Federal OSHA’s new COVID-19 vaccination and testing emergency temporary standard (ETS) was expected since President Biden’s executive orders instituting a vaccine mandate for federal government workers, contractors and healthcare workers. The new ETS applies to companies with 100 or more employees (about 84 million workers across the U.S.) and offers more flexibility than the federal mandate, which did not include testing as an alternative option to vaccination.
“Throughout the pandemic, workplace transmission has been a concern for both workers and employers, especially in sectors like healthcare and in factory settings like meatpacking,” says LIUNA General President Terry O’Sullivan. “Vaccination and testing have a major role to play in controlling the ongoing workplace hazard caused by COVID-19.”
OSHA estimates the temporary standard, which will expire in six months unless OSHA replaces it with a permanent rule, will prevent more than 250,000 hospitalizations and more than 6,500 deaths. That’s more than the total number of workers who died on the job in all of 2019.
Requirements of the ETS
- Develop and enforce a written policy requiring employees to either get fully vaccinated or undergo COVID-19 testing at least every seven days. If the testing option is used, employees who aren’t fully vaccinated must wear a face covering when indoors or in a vehicle with another person during work hours.
- Determine employees’ vaccination status, including proof of vaccination, and maintain a record of this information.
- If the testing option is used, employers must track weekly test results and have policies stating who is responsible for the cost of testing and any penalties for failing to test weekly.
- Require employees to provide prompt notice if they test positive for COVID-19 or receive a COVID-19 diagnosis. Regardless of vaccination status, these workers must be removed from the workplace until they meet return-to-work criteria based on CDC guidance or the decision of a licensed medical professional.
- Provide employees with up to four hours of paid time off to receive each vaccine dose and reasonable time and paid sick leave to recover from any side effects.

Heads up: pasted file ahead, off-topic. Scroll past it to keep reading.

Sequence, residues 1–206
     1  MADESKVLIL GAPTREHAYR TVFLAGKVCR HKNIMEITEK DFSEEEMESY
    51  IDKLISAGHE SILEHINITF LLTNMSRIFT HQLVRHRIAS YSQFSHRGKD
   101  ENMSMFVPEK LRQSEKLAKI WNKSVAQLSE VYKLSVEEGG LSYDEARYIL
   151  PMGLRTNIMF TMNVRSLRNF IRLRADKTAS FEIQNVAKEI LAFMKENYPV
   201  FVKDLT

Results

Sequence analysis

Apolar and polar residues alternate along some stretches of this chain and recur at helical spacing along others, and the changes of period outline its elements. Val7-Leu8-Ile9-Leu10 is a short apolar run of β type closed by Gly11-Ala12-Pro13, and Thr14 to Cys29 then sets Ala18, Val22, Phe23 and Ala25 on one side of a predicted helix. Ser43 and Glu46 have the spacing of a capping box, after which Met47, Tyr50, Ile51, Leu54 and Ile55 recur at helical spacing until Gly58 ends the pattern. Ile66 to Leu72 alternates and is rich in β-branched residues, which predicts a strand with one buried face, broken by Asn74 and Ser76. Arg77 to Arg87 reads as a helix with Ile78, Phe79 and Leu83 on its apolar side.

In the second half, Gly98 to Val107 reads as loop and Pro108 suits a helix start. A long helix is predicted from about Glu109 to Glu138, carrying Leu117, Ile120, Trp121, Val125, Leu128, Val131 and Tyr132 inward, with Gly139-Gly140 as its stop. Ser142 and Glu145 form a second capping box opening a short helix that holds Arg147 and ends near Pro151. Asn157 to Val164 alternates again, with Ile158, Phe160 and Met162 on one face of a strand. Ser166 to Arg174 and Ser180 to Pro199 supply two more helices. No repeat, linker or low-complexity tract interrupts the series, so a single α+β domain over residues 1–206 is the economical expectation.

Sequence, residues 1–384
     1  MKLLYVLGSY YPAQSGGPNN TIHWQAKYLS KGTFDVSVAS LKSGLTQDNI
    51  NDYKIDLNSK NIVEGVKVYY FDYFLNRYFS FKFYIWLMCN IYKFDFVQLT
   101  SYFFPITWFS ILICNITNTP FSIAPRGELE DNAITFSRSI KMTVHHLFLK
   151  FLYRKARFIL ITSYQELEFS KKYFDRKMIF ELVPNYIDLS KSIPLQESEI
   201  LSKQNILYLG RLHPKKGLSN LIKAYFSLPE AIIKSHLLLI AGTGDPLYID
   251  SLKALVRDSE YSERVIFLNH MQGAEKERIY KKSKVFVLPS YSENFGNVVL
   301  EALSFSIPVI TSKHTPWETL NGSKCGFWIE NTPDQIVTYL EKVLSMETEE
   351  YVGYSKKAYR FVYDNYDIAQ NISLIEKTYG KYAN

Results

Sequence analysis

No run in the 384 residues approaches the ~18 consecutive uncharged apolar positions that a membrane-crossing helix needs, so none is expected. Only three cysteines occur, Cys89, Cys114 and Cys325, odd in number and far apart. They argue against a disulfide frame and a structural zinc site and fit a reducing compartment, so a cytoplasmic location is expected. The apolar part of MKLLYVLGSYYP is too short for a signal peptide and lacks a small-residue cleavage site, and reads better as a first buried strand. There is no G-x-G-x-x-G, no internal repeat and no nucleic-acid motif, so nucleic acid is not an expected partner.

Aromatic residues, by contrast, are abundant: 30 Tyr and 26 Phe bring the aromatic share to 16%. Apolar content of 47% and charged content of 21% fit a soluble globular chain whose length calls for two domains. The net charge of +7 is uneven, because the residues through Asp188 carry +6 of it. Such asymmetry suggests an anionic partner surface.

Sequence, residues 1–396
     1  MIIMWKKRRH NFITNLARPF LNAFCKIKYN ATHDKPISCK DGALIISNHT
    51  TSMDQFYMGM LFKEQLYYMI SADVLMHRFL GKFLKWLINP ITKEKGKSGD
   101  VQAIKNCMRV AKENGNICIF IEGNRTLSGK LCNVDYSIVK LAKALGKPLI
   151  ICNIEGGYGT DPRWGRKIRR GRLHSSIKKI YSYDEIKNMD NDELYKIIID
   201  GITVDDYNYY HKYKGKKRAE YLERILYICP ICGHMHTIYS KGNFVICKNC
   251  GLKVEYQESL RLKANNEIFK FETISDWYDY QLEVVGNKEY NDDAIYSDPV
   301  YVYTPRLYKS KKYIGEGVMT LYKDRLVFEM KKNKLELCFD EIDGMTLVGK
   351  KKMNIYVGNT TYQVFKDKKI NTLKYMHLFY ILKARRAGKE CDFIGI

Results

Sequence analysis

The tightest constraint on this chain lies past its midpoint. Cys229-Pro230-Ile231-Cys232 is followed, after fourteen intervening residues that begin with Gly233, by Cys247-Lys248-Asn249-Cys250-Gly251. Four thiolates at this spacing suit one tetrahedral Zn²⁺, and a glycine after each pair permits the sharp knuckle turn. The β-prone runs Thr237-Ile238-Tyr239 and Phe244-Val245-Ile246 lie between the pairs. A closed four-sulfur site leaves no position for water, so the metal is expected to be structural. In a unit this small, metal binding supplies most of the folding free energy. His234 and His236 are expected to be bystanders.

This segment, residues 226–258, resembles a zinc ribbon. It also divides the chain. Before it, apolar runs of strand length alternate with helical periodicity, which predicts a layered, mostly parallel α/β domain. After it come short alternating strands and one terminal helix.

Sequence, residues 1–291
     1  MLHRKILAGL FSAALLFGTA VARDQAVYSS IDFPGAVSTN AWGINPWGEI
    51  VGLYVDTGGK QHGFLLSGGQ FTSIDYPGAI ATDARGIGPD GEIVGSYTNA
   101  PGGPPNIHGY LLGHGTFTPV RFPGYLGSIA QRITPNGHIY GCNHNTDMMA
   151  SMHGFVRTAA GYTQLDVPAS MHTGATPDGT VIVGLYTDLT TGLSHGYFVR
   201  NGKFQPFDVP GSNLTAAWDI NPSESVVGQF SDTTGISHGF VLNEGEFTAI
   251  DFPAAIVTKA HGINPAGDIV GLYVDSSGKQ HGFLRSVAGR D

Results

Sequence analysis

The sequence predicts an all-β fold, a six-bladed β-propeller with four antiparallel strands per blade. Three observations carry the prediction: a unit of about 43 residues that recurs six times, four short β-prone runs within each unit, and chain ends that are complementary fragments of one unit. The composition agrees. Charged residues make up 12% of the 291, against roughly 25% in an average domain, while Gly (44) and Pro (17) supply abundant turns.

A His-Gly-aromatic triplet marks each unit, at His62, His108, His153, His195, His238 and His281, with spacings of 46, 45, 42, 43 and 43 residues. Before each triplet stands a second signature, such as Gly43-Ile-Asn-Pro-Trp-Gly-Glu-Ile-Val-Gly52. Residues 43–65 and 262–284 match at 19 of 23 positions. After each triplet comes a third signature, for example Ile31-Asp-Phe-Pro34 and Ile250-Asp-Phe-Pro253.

- Allow employees to voluntarily wear a face covering regardless of vaccination status, unless it creates a serious workplace hazard.
- Promptly report work-related COVID-19 fatalities and hospitalizations to OSHA.
- Provide employees with information on vaccine efficacy and safety, their rights against retaliation and discrimination and laws related to criminal penalties for supplying false statements or documents.
Employers have until December 5th to comply with most of the provisions of the ETS. However, employers have until January 4th to ensure workers are vaccinated or start weekly testing. This January timeline considers the time workers will need time to get two doses (in the case of Pfizer and Moderna) and then have 14 days elapse to be fully vaccinated.
Positives, Shortcomings and Controversy
Health and safety advocates were disappointed to see the ETS exempt employers with fewer than 100 workers, meaning roughly one third of the U.S. workforce won’t be covered.
Additionally, because the standard doesn’t mandate employers to pay for testing or provide face coverings, that cost is likely to be passed on to workers. While this will encourage workers to get vaccinated rather than get tested regularly, it’s unusual for OSHA to issue a standard that allows employers to shift the cost of doing business to their workforce. Normally it’s up to employers to pay for compliance with OSHA standards and up to workers to follow the standards and protocols set by the employer.
Lastly, the ETS focuses almost entirely on vaccination, ignoring measures like ventilation and physical distancing that are recommended by the CDC, federal OSHA itself and are part of OSHA’s ETS for the healthcare industry. These proven infection control measures would provide a layered approach to COVID-19 prevention that’s missing from this ETS.
Immediately after being issued, the ETS faced stiff legal pushback. It was first blocked by a federal appeals court, and then multiple states sued on the grounds that OSHA overstepped its authority in issuing the standard. Many of the lawsuits are coming from the same states that pushed back on indoor mask mandates during the height of the pandemic.
As the legal challenges play out, employers would be wise to act as if the ETS will go into effect on December 5th as planned, with January 4th the target date to have workers be vaccinated or begin testing. Employers that don’t follow this path may have less time to come into compliance if and when the ETS goes into effect.
Regardless of the legal proceedings, employers (including those with fewer than 100 workers) can also choose to implement such a policy on their own. As we covered in our November issue, vaccine mandates are legal, effective and typically result in one percent or less of workers ultimately refusing the vaccine and leaving the organization.
For more information about the vaccinating and testing ETS, including specific questions, see our article in this month’s issue, “Ten Answers to Common Questions on OSHA’s Vaccine ETS”.
[Travis Parsons and Nick Fox]